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Attitude of Gratitude More Than Platitude for Local Author Kevin Carroll

How many times can you blog about the life-changing power of living life with an attitude of gratitude and still have it be fresh, original? More than 1,500 times in the last dozen years for blogger and author Kevin Carroll, a San Francisco native whose life changed after he attended a weekend retreat on gratitude at the Jesuit Retreat Center in Los Altos in November 2006.

In 2017, after the urging of his blog readers, Carroll published his first book, “A Moment’s Pause for Gratitude,” a compilation of 50 of his blogs about the people, places, experiences, opportunities and gifts that have blessed his life.

Reflecting his Jesuit, Catholic upbringing, he believes that “many of the gifts we enjoy come to us from a higher power, as opposed to being the result of our own initiative.” For Carroll, that higher power is “a loving and compassionate God.”

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“The goal of my book is to encourage readers to live their lives with an attitude of gratitude — to more consistently and conscientiously acknowledge those people and things for which they should be grateful, and to more readily express that gratitude,” said Carroll, a San Jose resident.

Each of the book’s reflections on life and gratitude open with a relevant quote and closes with questions to stimulate self-reflection or group discussion. Chapter titles vary from “It’s Time” and “The Gift of Education” to “The Shadow of Grief” and “Just Let It Go.”

“Gratitude is a very ecumenical concept. For this reason, I included quotes in the book from leaders and writers from other religions and cultures,” said Carroll, whose Catholic faith undergirds his life and writing.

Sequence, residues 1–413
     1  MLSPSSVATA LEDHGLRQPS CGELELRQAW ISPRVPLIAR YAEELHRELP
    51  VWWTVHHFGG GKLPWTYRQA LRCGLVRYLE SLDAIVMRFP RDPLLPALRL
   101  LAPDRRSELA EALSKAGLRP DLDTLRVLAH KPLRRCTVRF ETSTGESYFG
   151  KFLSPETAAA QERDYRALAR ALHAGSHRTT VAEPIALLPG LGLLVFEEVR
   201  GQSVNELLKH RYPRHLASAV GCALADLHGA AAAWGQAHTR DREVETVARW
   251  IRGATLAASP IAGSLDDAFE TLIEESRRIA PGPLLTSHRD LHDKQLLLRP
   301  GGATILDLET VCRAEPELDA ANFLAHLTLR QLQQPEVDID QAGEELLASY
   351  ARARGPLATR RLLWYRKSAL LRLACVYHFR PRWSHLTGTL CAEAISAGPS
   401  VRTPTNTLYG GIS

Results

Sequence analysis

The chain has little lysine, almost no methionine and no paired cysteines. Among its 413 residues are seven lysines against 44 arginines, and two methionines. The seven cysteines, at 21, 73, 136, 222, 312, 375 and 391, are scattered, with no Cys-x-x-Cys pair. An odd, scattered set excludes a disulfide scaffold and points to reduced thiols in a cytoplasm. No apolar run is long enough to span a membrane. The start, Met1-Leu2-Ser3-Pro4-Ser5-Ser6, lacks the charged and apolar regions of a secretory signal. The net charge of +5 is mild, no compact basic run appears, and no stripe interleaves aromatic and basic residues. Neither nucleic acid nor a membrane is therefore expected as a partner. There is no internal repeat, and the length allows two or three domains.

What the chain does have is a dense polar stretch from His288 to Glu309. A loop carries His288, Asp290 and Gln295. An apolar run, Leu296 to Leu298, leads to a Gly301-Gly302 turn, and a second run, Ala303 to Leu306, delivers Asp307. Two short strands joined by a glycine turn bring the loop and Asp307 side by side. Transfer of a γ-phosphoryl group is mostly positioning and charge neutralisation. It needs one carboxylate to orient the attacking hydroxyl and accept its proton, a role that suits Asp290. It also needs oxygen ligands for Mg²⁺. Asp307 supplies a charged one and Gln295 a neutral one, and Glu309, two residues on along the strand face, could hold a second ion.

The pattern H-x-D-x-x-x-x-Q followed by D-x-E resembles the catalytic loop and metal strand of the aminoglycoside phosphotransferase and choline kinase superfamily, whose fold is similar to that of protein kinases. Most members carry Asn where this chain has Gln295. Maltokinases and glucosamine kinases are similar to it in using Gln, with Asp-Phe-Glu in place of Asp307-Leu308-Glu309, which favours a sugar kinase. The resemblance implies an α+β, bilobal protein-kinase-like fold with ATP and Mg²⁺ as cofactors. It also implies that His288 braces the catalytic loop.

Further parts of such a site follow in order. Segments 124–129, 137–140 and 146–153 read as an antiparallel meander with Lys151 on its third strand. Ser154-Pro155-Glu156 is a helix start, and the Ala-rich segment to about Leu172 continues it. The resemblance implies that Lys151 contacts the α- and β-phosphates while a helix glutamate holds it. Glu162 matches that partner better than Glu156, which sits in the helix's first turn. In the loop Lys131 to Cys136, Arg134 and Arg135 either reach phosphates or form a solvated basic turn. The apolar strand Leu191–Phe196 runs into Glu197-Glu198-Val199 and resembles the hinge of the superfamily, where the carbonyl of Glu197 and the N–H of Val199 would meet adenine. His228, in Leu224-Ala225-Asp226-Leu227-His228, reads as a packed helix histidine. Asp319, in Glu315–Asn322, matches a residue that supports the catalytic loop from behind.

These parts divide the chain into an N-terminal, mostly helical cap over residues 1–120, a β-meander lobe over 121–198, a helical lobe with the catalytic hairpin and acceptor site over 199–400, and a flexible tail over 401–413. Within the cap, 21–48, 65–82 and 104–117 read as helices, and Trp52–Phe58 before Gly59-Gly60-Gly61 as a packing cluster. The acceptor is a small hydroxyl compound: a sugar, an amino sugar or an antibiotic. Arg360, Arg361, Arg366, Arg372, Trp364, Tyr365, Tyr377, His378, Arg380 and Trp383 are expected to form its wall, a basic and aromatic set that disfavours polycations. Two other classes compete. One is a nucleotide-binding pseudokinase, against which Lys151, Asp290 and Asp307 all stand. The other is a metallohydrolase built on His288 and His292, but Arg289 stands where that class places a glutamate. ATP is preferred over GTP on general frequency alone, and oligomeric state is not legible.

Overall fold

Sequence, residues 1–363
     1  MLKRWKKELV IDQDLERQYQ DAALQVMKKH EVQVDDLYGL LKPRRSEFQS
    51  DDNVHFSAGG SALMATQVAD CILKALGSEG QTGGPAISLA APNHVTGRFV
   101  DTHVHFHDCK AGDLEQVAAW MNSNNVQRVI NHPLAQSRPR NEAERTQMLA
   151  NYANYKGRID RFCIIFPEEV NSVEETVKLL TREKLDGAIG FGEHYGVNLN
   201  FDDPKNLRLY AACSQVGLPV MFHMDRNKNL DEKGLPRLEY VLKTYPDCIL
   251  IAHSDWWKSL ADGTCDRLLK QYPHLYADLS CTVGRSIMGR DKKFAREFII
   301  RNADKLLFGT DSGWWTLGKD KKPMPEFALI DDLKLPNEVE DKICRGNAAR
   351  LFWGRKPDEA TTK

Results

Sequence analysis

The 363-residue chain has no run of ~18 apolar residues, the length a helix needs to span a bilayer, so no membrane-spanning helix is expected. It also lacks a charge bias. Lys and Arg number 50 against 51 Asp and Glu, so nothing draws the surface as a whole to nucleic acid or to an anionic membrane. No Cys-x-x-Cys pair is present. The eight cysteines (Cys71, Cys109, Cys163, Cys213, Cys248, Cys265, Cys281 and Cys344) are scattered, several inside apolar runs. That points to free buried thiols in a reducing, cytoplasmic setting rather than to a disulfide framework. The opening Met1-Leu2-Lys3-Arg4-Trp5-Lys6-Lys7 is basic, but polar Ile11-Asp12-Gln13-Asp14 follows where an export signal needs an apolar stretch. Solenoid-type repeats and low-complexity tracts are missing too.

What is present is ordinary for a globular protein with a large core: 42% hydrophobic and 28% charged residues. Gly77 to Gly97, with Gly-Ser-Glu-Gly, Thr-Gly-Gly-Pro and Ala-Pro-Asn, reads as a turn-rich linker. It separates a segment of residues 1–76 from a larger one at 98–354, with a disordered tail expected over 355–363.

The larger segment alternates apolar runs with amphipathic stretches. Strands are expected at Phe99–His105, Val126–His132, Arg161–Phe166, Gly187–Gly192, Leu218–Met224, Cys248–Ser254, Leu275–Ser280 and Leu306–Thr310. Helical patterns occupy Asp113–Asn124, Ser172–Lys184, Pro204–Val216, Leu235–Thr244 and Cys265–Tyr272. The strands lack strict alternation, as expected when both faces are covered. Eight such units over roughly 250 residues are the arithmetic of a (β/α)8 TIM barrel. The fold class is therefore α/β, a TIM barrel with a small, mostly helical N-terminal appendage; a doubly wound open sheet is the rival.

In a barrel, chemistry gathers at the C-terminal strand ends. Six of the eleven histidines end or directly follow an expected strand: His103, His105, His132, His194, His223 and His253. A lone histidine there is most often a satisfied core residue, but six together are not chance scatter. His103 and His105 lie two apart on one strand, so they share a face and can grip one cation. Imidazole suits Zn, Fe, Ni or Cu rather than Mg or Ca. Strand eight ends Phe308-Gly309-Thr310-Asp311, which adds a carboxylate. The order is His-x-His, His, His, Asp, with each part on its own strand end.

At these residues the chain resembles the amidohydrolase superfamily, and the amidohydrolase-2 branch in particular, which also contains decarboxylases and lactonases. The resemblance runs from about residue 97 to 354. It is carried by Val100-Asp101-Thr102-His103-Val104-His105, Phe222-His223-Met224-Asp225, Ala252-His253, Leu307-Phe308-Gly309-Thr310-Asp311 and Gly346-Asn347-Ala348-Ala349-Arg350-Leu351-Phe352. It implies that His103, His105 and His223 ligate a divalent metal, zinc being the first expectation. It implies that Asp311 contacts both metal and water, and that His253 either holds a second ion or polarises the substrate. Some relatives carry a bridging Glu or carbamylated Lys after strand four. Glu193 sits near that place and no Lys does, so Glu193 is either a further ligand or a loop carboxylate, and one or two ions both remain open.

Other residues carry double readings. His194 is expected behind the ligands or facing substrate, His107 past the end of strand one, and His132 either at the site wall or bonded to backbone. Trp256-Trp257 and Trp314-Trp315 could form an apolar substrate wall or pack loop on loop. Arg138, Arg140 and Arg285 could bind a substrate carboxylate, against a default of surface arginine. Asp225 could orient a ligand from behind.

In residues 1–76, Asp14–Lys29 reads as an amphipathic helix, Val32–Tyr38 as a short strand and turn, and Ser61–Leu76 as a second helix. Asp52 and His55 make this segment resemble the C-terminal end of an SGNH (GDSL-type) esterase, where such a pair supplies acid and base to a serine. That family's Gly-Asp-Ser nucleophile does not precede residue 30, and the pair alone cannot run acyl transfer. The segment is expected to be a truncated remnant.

Carroll understands gratitude to be a universal experience with physical and emotional advantages that can improve one’s life, including his own as he learned to experience each day through the lens of gratitude.

“I have been significantly more relaxed, less stressed and able to just accept life as it unfolds. I am much more proactive about spending time with family and friends and expressing my gratefulness to them,” said Carroll, who retired in 2015 after teaching at St. Lawrence Academy, Santa Clara, for 31 years. “I can honestly say that my life has improved tremendously.”

He was pleased to learn from a reader that his book has been helpful to people in Alcoholics Anonymous, where having an attitude of gratitude is a key to success in addiction recovery.

 

Expressing Gratitude 

“It’s one thing to feel grateful,” said Carroll in a January 2018 interview for the Markkula Center for Applied Ethics at Santa Clara University, where he earned an undergraduate degree in English before getting his MA Degree at the University of San Francisco. “But that’s not enough. We have to take it to that next level and express that gratitude.”

“Feeling gratitude and not expressing it is like wrapping a gift and not giving it,” said Carroll, quoting inspirational writer William Arthur Ward.

Carroll has three suggestions for expressing gratitude: The first thing in the morning (or the last at night), pause and reflect on one’s blessings and express gratitude for them; keep a gratitude journal; and send hand-written thank you notes.

He said that he asks God to help him find a way to make a positive difference for someone at the beginning of each day and that “the power of a hand-written thank you note should never be underestimated.”

“‘A Moment’s Pause for Gratitude’… serves as an antidote to negativity and an aide for the peaceful mind,” wrote author Roland Merullo. “I expect it will be as helpful to other readers as it has been for me, and I’m grateful to [Carroll] for putting it into this world.”

Visit Carroll’s website at www.kmcsjc.wixsite.com/gratitude. He is eager to speak to community groups and share what he calls his “passion for gratitude.” His second book, “Focus on Gratitude,” is targeted for publication in 2019. Read Carroll’s blogs at www.attitudeofgratitude.typepad.com.

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